The Critique: one of the most important tools in a writer’s toolbox, but like any tool it only works if you know how to use it. And let me be clear, a critique is not something you just get or give; it’s something you USE to make your writing better.
As a writer you will ask someone (hopefully more than one someone) to critique your work and in return you will give critiques. Both the giving and the getting are opportunities for learning that should not be wasted. This will be a two part post, the first will cover the getting of Critiques the second will cover the giving.
The getting of critiques is the obvious learning opportunity; it’s why you asked someone to look at your work in the first place. Tell me what’s good, tell me what’s bad so I can fix it. A simple process, yes? Not always. People have the tendency, myself included, to hear only the good, which is important. But to become a better writer you have to be open to what is not working in your manuscript. Here are a couple of tips that can help you stay open to the criticism and get the most out of your critique.
1) If you are meeting in person and your story is short, have someone else read it to you before any discussion of critiques. Many times, hearing your story read aloud by someone else points out major flaws.
2) When a critique is being given and the comments start flying, don’t talk. I repeat: SHUT YOUR MOUTH and listen. It’s hard, I know. When someone comments negatively about something, you want to explain why you wrote it that way. But when you do, all you’re doing is shutting that person out. You‘re thinking in your head, “They read it the wrong way!” You then devise something to say and meanwhile, you have just missed the crux of the critique. Sit back, listen, and see it from your critique partner’s point of view. Plus, when you send your story out to a publisher you will not be around to explain it. Unless you’re stalking them; and if that’s the case then you’re creepy, so please get off my web site.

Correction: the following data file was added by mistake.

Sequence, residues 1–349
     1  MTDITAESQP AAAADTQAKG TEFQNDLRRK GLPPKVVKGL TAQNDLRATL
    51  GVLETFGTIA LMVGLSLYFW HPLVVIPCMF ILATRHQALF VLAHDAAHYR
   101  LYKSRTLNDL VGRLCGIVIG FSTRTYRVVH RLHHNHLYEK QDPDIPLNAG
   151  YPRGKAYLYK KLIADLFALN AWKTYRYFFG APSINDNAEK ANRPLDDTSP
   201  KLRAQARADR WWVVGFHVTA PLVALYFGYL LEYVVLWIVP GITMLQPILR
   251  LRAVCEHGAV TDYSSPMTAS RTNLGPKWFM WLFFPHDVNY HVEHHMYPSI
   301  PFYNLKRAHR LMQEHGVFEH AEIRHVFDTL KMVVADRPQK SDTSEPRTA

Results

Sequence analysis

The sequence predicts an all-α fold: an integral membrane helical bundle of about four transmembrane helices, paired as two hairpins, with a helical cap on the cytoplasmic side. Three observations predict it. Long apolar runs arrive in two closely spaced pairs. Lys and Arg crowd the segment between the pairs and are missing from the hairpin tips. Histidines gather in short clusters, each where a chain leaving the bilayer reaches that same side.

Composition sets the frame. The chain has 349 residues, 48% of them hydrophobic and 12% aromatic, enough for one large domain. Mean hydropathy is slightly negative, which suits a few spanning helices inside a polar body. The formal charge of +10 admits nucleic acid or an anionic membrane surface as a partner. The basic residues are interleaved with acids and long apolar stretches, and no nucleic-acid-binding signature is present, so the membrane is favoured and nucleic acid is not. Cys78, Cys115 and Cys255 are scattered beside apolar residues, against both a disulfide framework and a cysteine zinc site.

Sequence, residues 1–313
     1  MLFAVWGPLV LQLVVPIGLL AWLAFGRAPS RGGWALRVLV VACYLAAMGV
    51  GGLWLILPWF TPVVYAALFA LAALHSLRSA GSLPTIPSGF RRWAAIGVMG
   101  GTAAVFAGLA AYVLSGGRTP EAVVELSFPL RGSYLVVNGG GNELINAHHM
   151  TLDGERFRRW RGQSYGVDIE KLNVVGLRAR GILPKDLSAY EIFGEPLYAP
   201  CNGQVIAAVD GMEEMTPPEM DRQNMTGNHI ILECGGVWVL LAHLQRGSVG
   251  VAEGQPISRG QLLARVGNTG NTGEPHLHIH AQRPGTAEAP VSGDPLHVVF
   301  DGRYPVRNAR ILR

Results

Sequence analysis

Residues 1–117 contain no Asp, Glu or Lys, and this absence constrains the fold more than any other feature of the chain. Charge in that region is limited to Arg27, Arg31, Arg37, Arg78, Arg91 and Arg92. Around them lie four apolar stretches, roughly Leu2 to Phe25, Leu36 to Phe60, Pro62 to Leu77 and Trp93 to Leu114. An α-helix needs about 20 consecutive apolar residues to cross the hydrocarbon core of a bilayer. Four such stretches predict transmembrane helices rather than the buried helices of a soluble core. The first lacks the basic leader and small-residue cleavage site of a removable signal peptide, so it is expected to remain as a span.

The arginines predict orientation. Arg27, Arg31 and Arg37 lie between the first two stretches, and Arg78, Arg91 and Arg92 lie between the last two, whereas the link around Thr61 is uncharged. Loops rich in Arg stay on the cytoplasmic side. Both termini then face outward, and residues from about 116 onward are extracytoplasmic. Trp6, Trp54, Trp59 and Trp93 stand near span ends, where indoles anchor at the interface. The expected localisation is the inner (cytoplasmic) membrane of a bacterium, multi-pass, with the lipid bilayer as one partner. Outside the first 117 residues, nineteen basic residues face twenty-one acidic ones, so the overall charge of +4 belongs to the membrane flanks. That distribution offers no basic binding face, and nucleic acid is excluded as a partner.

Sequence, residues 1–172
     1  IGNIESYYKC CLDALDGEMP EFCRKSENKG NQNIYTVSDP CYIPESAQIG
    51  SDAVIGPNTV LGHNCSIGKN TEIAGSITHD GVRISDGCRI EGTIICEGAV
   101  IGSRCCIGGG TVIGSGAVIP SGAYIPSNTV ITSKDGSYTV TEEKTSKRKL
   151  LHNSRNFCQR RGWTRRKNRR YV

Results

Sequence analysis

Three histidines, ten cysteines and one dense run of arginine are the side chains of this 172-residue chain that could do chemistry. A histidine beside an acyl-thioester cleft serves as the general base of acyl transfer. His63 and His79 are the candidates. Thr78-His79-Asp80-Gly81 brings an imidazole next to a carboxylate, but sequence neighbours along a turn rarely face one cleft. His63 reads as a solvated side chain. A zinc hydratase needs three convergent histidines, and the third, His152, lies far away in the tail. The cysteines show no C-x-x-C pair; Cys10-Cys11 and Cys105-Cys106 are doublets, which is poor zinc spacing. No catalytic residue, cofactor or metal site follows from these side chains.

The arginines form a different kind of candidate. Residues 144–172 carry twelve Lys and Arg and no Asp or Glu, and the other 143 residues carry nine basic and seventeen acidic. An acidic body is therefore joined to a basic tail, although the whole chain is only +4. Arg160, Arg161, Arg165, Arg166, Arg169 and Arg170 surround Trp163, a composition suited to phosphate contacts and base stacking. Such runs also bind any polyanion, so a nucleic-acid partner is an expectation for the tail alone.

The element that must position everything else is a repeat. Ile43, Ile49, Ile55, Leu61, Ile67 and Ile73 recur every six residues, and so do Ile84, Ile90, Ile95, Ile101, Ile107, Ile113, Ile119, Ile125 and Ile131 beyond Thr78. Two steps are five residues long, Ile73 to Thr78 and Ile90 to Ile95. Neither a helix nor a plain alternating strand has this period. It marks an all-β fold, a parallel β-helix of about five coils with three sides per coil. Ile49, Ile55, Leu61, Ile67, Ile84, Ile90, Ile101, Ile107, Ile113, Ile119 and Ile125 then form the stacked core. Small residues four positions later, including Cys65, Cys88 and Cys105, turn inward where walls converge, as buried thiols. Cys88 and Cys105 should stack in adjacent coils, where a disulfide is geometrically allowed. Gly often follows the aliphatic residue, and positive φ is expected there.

3) Take notes. Jot down everything even if you think what your critique partners are saying is crap. Emotions can run high when people tear into your work. Let’s be honest: this manuscript is your baby so you may ignore things you don’t want to hear. But you’ll be amazed later, when what seemed like a dumb comment in the moment doesn’t seem so dumb after you have had a chance to calm down.
4) Say thank you. People will be more willing to re-read your work after you have revised it if you’re nice. A simple thank you can go a long way. That and a bag of Skittles.
5) Stay true to yourself. You are going to hear a lot of different opinions, some contradicting each other. Don’t try to change your story based on every comment you hear. I tend to hold to the rule that if I hear the same comment more than once, then there is something that isn’t working and should be revised. But ultimately you know your story; you know how it should go. Don’t let the noise get in the way of the heart of your story.
Stay tuned for part two! Oh, and if you have any tips that help you during the critique process please feel free to comment!